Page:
Fifth Round: 157th Pick
Dial was a top high school recruit from Pinson, Ala., in 2008, but needed two years of seasoning at the JUCO level. Two very good seasons at East Mississippi CC led Dial back to the Crimson Tide and coach Nick Saban, after he had initially committed to them out of high school.
He never became a starter for the Tide in two seasons, but he was an integral part of their defensive line rotation on back-to-back national title teams. Dial will look to have the same role on an NFL team by being a late-round or priority UDFA this week.
Dial intrigued college coaches because of his size. He is a powerful player off the edge or in the middle of a defense depending on scheme. Due to his size and strength, Dial can push offensive linemen around with relative ease and make plays in the backfield.
Versatility will be key for Dial to make it in the next level. He has the look of an NFL player, but his ability to play as a 3-4 DE or 4-3 DT could make him a valuable commodity at the back of the draft.
As with another SEC defensive linemen—LSU’s Lavar Edwards—Dial does not have consistent starting experience at the Division I level. He played behind a ton of high school All-American’s on the line, but breaking into the starting lineup looks good on the resumé.
Dial is disruptive when he can outmuscle his opponent, but he struggles to get off blocks consistently. He will also get turned around quite a bit if he does happen to get into the backfield. Dial tends to overplay the run fake and gets caught out of position without the speed to recover.
Dial had to answer questions in December after getting in a cheap shot on Georgia quarterback Aaron Murray in the SEC championship game. After Murray threw a long pick, he was casually walking toward the play when Dial came from out of the frame to “block” Murray. Dial claims that he did nothing wrong on the play, but many fans were calling for his suspension in the BCS Championship with Notre Dame.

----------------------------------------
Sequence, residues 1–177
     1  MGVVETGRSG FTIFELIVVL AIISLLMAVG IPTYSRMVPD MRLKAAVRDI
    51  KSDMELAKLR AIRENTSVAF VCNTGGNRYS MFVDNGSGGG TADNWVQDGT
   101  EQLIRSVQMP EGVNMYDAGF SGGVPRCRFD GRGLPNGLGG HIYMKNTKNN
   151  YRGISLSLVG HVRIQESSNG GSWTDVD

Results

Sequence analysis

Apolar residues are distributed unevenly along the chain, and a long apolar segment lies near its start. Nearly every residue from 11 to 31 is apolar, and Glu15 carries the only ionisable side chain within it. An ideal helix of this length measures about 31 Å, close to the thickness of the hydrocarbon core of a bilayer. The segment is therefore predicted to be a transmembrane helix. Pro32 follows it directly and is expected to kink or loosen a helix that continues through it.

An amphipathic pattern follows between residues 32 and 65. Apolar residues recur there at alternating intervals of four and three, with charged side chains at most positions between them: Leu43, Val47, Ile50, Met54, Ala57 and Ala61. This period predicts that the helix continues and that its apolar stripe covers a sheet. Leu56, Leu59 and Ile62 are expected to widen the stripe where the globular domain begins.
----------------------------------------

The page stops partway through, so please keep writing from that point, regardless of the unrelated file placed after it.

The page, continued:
Dial stands at a hair under 6’6” and weighed in at 312 pounds during the Crimson Tide’s pro day (per The Sports Xchange) a month ago, which makes him a desirable size on the line in the NFL. He also shows good initial burst, but did not compete in any drills to confirm that due to injury.
Dial rotated between end and tackle during his time with Alabama, but played mostly at end. Saban runs a NFL-like attack defense, which will help Dial in the transition between college and the pros. The hybrid looks they gave will help Dial’s versatility at the next level as well.
That hit on #Georgia QB Aaron Murray by Quinton Dial, the cheapshot during the INT, was quite illegal. In NFL, that's a penalty and fine.— Ian Rapoport (@RapSheet) December 1, 2012
The Alabama senior will not be an effective pass-rusher in the NFL. His production in college in terms of pass rush was not very high because he was used more as a run defender. He totaled just 2.5 sacks in two seasons in Tuscaloosa according to Sports-Reference.com.
Against the Run
Pass rush may not be Dial’s strength, but defending the run certainly is. He is a handful to get around because of his size and long arms, which measure at 34 inches.
Dial is also a very sound tackler. If he gets his arms around a running back, then the back is likely coming down. There's not much wiggle room for a running back to escape the grasp of the powerful Dial.
Despite getting stood up at the line at times, Dial does not have any passes defensed to his credit in two seasons. Dial was not a major part of obvious passing downs, which contributes to the lack of stats, but he also does not put up his hands at the line enough. A player of his size should be able to knock balls down at the line.
Dial might get drafted because of his size alone, but he will likely never be anything other than a rotation player. Teams searching for a scheme-versatile defensive lineman late in the draft should look no further than Dial.